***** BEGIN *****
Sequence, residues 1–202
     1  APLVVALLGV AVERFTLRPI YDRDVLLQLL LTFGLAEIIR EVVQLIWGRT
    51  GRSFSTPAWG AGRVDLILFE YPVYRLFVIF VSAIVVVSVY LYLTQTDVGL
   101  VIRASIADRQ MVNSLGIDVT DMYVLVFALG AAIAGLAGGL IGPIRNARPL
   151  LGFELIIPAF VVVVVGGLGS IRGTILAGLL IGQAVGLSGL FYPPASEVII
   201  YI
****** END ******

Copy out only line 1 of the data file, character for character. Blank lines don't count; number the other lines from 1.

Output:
Sequence, residues 1–202